As the first-ever Special Olympics Unified Relay Across America makes its way through 50 states, athletes and supporters are running, walking or biking toward Los Angeles for the 2015 World Summer Games.
Special Olympics Chairman Tim Shriver told Hashtag VOA on Tuesday that this year's event, from July 25 through August 2, is leveraging social media to expand the movement. Already, some 5 million athletes compete in at least one Special Olympics event annually.
"Our movement is all about engaging people in thinking differently; engaging people in feeling differently, engaging people in seeing the world differently," Shriver said. "There is nothing like the revolution in social media to help us bring that challenge to people, but also to invite them to share their own the challenge, to invite them to take their own photos of inclusion, to tell their own stories of how they've overcome fears and prejudices."
Some 7,000 athletes from 170 countries will converge on Los Angeles for the July 25 lighting of the cauldron to kick off the games.
"Our message to the country is that we have to play unified to live unified," Shriver said. "We should have Special Olympics unified sports teams in every school in America, having every child with special neeeds playing with their non-disabled peers from first grade right through high school, learning when they're little boys and girls so that we educate a generation to be unified, not have to change a generation from being segregationist or discriminatory to becoming inclusive."
Shriver also discussed ESPN's recently announced decision to air comprehensive coverage of the games. He called that "a big graduation" for the organization founded in 1968 by his mother, Eunice Kennedy Shriver.
"We're getting out of the idea that the Special Olympics is just cute or nice or sweet, and we're finding ourselves on the television network that features sports as courageous and brave and skillful and dramatic and in so many ways captivating," he said.
"If you want to be refreshed on why sport is still worth loving when the headlines in so many organizations are about corruption and cheating and scandals and manipulation, if you want your children to see sports heroes they can look up to and not be afraid that they're going to be disappointed, tune in," Shriver said.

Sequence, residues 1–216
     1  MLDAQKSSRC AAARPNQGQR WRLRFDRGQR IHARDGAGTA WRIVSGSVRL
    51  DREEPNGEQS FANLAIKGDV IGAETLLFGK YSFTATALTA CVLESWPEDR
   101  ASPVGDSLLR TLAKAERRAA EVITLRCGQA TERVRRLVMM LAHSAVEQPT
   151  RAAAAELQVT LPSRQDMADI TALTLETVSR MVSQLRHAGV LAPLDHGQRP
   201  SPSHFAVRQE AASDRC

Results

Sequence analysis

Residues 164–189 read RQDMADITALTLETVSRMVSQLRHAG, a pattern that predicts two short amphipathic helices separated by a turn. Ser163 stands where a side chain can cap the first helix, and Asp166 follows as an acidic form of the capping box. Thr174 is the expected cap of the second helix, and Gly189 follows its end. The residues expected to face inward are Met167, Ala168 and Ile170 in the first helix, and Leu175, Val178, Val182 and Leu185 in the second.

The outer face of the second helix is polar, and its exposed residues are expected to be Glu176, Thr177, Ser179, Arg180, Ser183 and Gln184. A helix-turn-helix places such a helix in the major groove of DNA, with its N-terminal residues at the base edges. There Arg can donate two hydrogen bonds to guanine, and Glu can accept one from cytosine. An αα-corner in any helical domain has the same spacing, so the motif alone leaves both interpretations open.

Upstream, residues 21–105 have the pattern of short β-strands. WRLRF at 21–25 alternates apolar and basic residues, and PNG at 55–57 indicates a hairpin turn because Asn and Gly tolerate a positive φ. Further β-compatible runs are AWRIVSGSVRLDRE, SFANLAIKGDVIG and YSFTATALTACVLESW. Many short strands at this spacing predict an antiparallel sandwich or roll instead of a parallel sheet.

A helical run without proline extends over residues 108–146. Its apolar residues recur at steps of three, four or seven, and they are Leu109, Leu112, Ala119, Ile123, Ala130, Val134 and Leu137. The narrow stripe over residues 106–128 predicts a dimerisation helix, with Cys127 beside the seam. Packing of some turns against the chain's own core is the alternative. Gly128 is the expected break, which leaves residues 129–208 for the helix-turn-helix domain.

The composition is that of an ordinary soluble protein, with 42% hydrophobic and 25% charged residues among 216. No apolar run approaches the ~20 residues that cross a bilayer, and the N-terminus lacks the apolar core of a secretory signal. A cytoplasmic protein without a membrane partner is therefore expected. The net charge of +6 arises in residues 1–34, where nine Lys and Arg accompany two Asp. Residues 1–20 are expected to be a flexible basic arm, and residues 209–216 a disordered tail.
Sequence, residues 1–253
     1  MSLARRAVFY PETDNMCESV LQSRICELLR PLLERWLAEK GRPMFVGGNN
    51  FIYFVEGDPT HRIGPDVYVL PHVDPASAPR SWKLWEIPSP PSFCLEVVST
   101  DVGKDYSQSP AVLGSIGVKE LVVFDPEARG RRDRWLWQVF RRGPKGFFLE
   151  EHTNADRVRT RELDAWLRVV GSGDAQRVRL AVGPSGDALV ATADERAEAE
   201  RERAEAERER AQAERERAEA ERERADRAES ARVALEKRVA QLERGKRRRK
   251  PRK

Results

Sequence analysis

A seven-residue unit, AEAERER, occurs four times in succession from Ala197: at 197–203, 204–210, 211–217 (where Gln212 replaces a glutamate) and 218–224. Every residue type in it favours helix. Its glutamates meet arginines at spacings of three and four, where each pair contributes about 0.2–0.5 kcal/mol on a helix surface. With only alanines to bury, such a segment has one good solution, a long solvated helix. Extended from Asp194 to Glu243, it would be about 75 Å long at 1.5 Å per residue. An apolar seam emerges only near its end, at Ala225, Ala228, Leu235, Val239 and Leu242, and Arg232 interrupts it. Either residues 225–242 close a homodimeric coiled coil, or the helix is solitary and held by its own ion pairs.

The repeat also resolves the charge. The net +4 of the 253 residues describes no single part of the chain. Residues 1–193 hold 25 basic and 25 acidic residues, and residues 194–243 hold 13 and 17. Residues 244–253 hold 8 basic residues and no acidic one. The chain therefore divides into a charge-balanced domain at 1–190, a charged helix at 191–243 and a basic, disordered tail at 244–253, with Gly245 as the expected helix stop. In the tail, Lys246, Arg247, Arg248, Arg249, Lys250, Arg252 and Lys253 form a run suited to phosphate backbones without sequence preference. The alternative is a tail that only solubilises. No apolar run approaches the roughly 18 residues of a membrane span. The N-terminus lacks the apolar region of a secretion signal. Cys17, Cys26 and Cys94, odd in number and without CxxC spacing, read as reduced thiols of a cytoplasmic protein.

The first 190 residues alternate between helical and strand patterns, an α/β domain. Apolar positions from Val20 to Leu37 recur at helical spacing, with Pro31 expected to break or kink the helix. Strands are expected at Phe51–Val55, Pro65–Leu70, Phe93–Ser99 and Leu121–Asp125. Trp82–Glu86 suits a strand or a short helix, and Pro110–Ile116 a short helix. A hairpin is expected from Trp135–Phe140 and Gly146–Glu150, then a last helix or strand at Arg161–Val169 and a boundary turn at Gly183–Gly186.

David Egan, the organization's Sargent Shriver International Global Messenger, reiterated the unification theme in the context of cross-cultural outreach.
"[Unified sports] was a great learning experience ... but it's a unifying way of showing universal support," said Egan, a prominent advocate for the intellectually disabled, describing sports as a kind of universal language.
"Special Olympics change my life, and it can change yours. Look at the young athletes program," he said. "You see the joy on their faces. It's for all ages, all abilities. It's a great example for how they can be contributing members of society."
Special Olympian Kester Edwards knows from experience.
"I'm a soldier of the movement," he said.
The Washington-based swimmer, who was instrumental in bringing open water swimming competition to the 2011 World Games in Athens, first engaged sports as a football player in his native Trinidad and Tobago.
"My passion was ignited with the open-water swimming, but now it's about giving back. It's about hope and joy," he said.
After last month’s official torch lighting in Athens, Greece, which hosted the 2011 Special Olympics World Summer Games, the Flame of Hope torch arrived on U.S. soil. Then the relay split into three simultaneous routes starting in Augusta, Maine; Miami, and the nation's capital.
On June 2, Team USA torchbearers along the central route, which kicked off May 26 in Washington, D.C., passed through Kentucky, en route to Ohio.
Participants and supporters can follow the torch relay as it makes its way across the United States at www.unifiedrelay.org and by following #unifiedrelay on Twitter; they can donate to the Special Olympics by texting FLAME to 91999, or visiting @specialolympics on Twitter.